Written By: Tom Flynn, VP of Marketing

We wanted to take this opportunity to acknowledge the Accounts Payable Association, their leader Jamie Radford and his superb team to thank them for hosting and promoting this year’s Accounts Payable Appreciation Week!

It’s important for us to take time to acknowledge the contributions of AP professionals across the globe.  From our vantage at SpendMend, AP is positioned as a critical hub within any organization.  They are situated between many essential groups and are asked to partner with each of these groups on important tasks and workstreams.

AP often reports up to financial leadership in some fashion and in that role, they are tasked with managing and maintaining critical finance goals and controls.  AP must also forge a relationship with sourcing and procurement so the P2P process is seamless.  AP also maintains a large population of employees and are tasked with getting payroll out on time as well as getting expenses paid.  Possibly the largest and most difficult task of an AP department is the onboarding and management of a huge population of suppliers.  In that role AP serves are the final gate keeper on all money before it leaves the organization.
Simply put, AP is asked to do many tasks while interacting with vast arrays of groups and in most of these cases there is zero room for error.  Whenever people refer to AP as the “back office” it is always important for them to understand that “back office” does not mean “background.” It is more accurate to think of the AP “back office” as the “back bone” of an organization because AP is a central pillar in any business.  The last twelve months have demonstrated this reality more than any other time in recent memory.

When global pandemic challenged commerce across the globe, AP departments everywhere rose to the challenge to provide leadership and grit on par with front line healthcare workers. You ensured that bills were paid, that supply chains remained open, and that organizations continued to function under these new adverse conditions.  These were circumstances that most people had never seen before, and for most people, they had never even dreamed of such circumstances.  AP departments everywhere came through in a big way all the while suffering large scale staff reductions and mobilizing their staffs to move out of the office and work from home.

If you are in Accounts Payable in some form or fashion, then please know that this message is absolutely for you.  Thank you for your contributions on a daily, weekly, monthly basis and keep doing the great work that you’re doing.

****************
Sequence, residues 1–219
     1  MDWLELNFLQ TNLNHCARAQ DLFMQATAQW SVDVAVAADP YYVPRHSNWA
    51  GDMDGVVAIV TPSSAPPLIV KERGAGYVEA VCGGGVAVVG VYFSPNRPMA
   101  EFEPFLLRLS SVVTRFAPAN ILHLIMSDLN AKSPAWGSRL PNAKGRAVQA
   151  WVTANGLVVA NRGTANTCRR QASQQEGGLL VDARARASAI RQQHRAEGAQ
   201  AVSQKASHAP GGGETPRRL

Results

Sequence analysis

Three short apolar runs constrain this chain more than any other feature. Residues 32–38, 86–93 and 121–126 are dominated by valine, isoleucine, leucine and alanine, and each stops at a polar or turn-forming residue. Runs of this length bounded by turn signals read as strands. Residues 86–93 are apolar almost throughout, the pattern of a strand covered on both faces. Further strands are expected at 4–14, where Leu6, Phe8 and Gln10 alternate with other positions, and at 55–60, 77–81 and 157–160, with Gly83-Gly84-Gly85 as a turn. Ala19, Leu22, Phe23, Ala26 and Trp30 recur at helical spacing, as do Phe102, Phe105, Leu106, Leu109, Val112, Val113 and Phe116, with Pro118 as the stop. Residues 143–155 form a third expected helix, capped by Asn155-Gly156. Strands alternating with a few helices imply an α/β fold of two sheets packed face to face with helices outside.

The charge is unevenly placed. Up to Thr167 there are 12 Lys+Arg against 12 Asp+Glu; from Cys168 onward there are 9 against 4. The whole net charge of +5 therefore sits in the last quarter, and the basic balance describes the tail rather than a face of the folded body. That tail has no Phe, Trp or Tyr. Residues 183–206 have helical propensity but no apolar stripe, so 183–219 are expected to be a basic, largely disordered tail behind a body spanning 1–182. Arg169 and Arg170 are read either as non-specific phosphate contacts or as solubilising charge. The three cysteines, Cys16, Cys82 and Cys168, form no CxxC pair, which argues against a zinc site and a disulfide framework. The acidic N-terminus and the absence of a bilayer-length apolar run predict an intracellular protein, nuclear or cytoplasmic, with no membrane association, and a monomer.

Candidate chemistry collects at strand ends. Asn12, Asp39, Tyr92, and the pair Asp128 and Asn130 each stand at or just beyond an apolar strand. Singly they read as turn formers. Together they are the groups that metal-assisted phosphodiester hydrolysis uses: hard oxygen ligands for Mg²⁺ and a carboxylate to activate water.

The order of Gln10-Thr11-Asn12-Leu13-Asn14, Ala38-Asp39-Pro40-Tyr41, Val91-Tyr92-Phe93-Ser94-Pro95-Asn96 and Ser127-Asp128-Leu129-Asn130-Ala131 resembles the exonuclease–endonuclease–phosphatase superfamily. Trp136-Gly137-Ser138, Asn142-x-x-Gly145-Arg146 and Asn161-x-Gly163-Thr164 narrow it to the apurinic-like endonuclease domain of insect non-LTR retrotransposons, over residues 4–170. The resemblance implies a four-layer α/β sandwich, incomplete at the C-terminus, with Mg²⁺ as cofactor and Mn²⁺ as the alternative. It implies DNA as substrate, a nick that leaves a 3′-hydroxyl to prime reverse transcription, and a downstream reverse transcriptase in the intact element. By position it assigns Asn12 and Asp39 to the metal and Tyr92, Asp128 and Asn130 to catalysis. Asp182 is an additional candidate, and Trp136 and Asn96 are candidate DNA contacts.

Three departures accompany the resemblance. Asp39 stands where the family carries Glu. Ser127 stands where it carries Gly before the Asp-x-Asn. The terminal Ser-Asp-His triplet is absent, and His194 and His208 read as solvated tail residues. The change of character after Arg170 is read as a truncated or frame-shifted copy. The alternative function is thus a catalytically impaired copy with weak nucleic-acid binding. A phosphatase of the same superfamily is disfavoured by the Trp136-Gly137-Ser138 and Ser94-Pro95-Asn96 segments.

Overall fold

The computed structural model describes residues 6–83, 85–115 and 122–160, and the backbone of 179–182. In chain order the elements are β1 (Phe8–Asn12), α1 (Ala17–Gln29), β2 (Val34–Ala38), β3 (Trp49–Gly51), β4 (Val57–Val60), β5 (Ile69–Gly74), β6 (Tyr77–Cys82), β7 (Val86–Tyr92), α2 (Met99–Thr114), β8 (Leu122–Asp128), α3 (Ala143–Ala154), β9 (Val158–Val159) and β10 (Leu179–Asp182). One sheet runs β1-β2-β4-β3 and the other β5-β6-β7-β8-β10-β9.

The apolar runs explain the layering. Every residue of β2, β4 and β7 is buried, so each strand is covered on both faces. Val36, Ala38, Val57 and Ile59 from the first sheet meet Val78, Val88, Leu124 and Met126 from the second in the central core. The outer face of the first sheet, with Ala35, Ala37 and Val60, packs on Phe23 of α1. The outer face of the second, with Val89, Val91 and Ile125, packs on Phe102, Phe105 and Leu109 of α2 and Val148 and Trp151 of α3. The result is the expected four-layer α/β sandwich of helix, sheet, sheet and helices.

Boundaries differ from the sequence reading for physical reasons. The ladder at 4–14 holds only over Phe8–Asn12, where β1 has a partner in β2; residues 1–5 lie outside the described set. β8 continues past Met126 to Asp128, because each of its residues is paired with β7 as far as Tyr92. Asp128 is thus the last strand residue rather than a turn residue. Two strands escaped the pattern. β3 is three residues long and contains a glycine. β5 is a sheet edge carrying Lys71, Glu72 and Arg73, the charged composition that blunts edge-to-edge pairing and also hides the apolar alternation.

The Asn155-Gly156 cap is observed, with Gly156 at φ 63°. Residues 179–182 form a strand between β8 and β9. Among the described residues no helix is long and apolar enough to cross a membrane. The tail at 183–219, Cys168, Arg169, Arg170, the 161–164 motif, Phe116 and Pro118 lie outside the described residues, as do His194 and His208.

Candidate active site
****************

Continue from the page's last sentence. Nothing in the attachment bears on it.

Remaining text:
Fiscal Heroes to the Rescue — YOU Can Make a Difference

By: Tim Berkey

We have all seen and heard countless examples of courage from front-line workers and other medical professionals during the Covid-19 pandemic.  As our nation has experienced an unprecedented (in our era) medical challenge, we have found new respect for those who sacrifice themselves so that others may live.  And even while these amazing stories of human compassion give us temporary reprieve during this difficult time, the resulting impact of Covid-19 has created a gaping financial hole that further threatens the fiscal solvency, and in some cases, the mere existence of certain healthcare organizations.

In predictable response to this challenge, healthcare leaders have spent tireless hours making difficult decisions about the best use of time and resources, as well as creating future plans for dramatic expense reduction and revenue enhancement. In rare cases, these plans and their proper execution will be enough to offset up to a 50-percent reduction inpatient revenue since the early stages of the pandemic.  However, in many cases, even the best plans and execution will still render the organization unable to recoup the entirety of previously lost revenue.  For all organizations, there has been much opportunity to lament these harsh fiscal realities, though there are still strategies to consider which may give financial relief during this challenging time.  And like the creativity and drive, we have seen from those “healthcare heroes”, these other fiscal strategies will likely require a fresh way of viewing traditional problems through a non-traditional lens.  They will require a new group of “fiscal heroes”.